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Area STEM Teachers Go Back to School for REThink CS at Drexel

Damian Baraty, a returning REThink participant and Instructor of Computer Science at The Hill School, presents during the 2018 research showcase on August 2.
Damian Baraty, a returning REThink participant and Instructor of Computer Science at The Hill School, presents during the 2018 research showcase on August 2.

August 15, 2018

In June, Drexel’s College of Computing & Informatics (CCI) welcomed a cohort of 10 high school teachers and 2-year college faculty members to take part in REThink CS at Drexel. Drexel’s Research Experiences for Teachers (RET) site in Engineering and Computer Science for Big Data, Machine Learning and CS Principles is an annual six-week summer research camp for STEM teachers in the City of Philadelphia and Greater Philadelphia Metropolitan Area. The program, funded by the National Science Foundation, is co-directed by Professor Jeffrey Popyack, PhD, and Assistant Professor Erin Solovey, PhD.The summer research institute culminated in a showcase held in Behrakis Grand Hall on August 2.

The objectives of the program are to build partnerships between high schools, community colleges, industry and the university, and to introduce teachers to cutting edge computer science research with social impact, informing and exciting them about computer science principles and computational thinking. The program also aims to help teachers produce learning materials for use in high school and community college STEM curricula which emphasize social relevance, and to expand the pipeline of students studying STEM and computing curricula in college.

The teachers participating in this year’s research institute explored a wide range of topics including exploring how social media can be manipulated using curation algorithms, using Functional Near Infrared Spectroscopy (fNIRS) devices to determine when the subject’s mind is wandering, using wireless wearable bands with integrated radio-frequency identification (RFID) antennas to monitor the breathing patterns of sleeping babies, image processing algorithms to aid in cancer diagnosis, and researching how visual, auditory, and cognitive distractions impair people when trying to do a task that requires concentration, which has important implications for distracted drivers.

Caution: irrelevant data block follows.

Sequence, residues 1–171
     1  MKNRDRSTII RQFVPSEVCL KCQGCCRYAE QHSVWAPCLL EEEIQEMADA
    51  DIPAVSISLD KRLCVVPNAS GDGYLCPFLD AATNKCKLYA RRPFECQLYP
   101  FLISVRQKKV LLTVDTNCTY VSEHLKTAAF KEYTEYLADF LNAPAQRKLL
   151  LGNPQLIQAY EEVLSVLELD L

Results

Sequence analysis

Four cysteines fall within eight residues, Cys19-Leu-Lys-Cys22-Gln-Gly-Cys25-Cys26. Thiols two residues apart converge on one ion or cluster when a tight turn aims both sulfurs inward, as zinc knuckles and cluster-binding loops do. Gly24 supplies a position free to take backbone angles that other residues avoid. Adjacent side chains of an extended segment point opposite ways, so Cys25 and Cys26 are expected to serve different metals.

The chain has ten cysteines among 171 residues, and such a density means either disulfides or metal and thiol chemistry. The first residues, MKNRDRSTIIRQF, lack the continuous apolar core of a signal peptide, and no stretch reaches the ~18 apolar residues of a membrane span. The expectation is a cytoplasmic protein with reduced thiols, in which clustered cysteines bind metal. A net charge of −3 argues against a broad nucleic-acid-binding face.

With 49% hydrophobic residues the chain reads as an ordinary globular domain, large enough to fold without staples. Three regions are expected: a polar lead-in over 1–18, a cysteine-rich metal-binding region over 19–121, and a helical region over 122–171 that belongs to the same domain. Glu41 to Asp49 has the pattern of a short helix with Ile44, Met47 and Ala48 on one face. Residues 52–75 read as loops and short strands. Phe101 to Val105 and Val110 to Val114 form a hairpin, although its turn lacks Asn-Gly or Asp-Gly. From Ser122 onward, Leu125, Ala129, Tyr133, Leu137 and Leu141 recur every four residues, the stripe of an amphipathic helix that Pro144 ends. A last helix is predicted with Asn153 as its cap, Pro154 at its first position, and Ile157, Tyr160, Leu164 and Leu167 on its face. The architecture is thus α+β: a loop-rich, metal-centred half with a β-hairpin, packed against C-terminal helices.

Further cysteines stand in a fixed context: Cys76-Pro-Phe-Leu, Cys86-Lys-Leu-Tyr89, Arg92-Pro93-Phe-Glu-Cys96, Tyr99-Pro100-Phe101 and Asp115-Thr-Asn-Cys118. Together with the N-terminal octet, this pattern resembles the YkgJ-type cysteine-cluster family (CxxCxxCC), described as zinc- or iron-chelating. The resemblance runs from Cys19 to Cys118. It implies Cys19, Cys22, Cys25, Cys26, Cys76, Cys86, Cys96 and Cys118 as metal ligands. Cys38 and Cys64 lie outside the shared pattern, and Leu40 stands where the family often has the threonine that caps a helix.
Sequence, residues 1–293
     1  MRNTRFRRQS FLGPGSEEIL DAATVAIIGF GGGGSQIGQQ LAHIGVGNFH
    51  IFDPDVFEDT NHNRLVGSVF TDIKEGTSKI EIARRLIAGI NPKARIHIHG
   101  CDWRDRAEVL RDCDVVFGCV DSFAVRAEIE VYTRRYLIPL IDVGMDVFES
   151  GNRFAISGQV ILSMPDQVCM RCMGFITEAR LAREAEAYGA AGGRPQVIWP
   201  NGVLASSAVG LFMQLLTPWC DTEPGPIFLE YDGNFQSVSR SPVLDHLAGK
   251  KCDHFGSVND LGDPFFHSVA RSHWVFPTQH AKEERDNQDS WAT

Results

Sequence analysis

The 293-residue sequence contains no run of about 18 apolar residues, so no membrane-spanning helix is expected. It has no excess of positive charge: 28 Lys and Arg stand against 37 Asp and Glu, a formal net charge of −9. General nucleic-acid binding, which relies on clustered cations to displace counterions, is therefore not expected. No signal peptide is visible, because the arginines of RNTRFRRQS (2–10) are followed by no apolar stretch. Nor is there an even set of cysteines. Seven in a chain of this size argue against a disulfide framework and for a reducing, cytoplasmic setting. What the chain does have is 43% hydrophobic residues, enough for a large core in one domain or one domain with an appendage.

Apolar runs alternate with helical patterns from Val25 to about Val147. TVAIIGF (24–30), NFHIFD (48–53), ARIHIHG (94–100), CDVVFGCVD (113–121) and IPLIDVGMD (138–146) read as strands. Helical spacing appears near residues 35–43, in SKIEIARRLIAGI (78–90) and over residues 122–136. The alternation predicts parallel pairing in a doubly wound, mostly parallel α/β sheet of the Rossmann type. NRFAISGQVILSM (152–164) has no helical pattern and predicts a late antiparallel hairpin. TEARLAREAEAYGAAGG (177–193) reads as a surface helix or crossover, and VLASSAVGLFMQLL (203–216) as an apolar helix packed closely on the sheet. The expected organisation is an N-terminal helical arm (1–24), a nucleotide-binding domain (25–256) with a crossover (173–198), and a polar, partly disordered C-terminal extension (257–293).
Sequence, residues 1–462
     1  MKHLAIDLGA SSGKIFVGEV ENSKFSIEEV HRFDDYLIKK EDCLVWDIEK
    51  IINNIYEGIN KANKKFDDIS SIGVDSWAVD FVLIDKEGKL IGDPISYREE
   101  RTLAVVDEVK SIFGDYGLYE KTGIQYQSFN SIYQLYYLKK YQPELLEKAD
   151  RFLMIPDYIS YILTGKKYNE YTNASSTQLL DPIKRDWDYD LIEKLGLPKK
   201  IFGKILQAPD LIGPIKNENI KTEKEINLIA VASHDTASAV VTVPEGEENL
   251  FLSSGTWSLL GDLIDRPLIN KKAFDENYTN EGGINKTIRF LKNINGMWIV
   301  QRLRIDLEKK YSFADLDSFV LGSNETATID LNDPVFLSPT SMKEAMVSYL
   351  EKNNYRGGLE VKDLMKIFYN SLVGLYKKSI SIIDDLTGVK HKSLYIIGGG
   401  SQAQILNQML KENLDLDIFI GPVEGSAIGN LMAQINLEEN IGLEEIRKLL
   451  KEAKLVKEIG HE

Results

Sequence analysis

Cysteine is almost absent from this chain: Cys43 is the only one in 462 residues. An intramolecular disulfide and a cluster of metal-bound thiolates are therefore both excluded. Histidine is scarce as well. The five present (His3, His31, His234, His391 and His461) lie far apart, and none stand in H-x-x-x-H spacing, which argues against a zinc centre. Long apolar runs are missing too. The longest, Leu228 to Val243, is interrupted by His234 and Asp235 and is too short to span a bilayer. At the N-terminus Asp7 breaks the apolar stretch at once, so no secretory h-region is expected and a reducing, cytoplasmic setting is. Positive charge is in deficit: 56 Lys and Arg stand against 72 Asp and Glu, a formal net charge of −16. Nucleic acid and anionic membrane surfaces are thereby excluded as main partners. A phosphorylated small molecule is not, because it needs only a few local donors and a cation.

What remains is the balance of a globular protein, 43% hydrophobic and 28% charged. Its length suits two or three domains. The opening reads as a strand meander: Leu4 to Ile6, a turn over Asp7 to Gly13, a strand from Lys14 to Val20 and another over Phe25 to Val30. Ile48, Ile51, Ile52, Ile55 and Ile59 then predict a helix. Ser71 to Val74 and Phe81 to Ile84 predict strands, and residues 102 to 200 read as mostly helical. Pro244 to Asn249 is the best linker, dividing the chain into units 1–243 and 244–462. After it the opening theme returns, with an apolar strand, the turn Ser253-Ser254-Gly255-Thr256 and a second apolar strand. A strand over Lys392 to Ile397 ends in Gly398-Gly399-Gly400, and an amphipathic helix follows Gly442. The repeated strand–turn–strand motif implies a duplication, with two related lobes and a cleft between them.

Michael Darfler, MakerSpace Director and Computer Science teacher at Friends’ Central School (FCS) City Ave, worked with fellow teacher Anna Schall, who teaches physics at Friends' Central School in Wynnewood, PA, and CCI faculty mentor Teaching Professor Bill Mongan. Over the summer, they analyzed RFID signals produced by knitted antennas in a wearable termed the “Bellyband,” which can be used to monitor the respiratory patterns of the wearer. One application for this wearable is the detection of sleep apnea in infants (particularly premature infants). 

Darfler explained, “The benefit of using our approach is that these wearables are completely passive and require no batteries or wires. Additionally, the bands are comfortable to wear and don't cause irritation. The hope is that these Bellybands could provide better monitoring of premature babies, perinatal contractions, and protect against Sudden Infant Death Syndrome.” 

“For me, the most exciting part of this experience has been the joy of research. The problems that we are facing often do not have clear, easy answers and many of our approaches turn out to be dead ends, but as we expand our approach our understanding grows and a clearer picture of the problem definition emerges. This mode of learning feels entirely authentic and meaningful and the knowledge gained is personal and grounded,” Darfler said. 

Returning REThink participant Damian Baraty (Instructor of Computer Science at the Hill School) worked with faculty mentor Erin Solovey, PhD, and another second-time participant, Kyle Ellis (math teacher for the School District of Philadelphia) using fNIRS to noninvasively study the attention of subjects engaged in computer based tests. Using machine learning, the team analyzed brain uptake of hemoglobin using noninvasive light waves to determine whether a brain is focused or distracted. Besides providing a better understanding of human cognition and brain physiology, this research could also result in the development of a learning tool or environment that could adopt to the current brain state of a learner. 

Baraty explained how he intends to take what he learned from REThink back to his classroom. “I would love to give my students a similar type of experience where they can participate in a real-world experiment rather than idealized and sanitized textbook examples. The world is not always neat with tidy conclusions. And sometimes the most rewarding experiences require a slog through the wilderness to find meaning and satisfaction,” he said.  

The participating teachers will remain engaged year-round by taking part in monthly electronic meetings with their faculty mentors, attending a winter campus meeting and other regional events, culminating in a 1-day showcase event in the spring to present results, materials and posters. 
For more information about the program and each research project, please visit the REThink CS @ Drexel website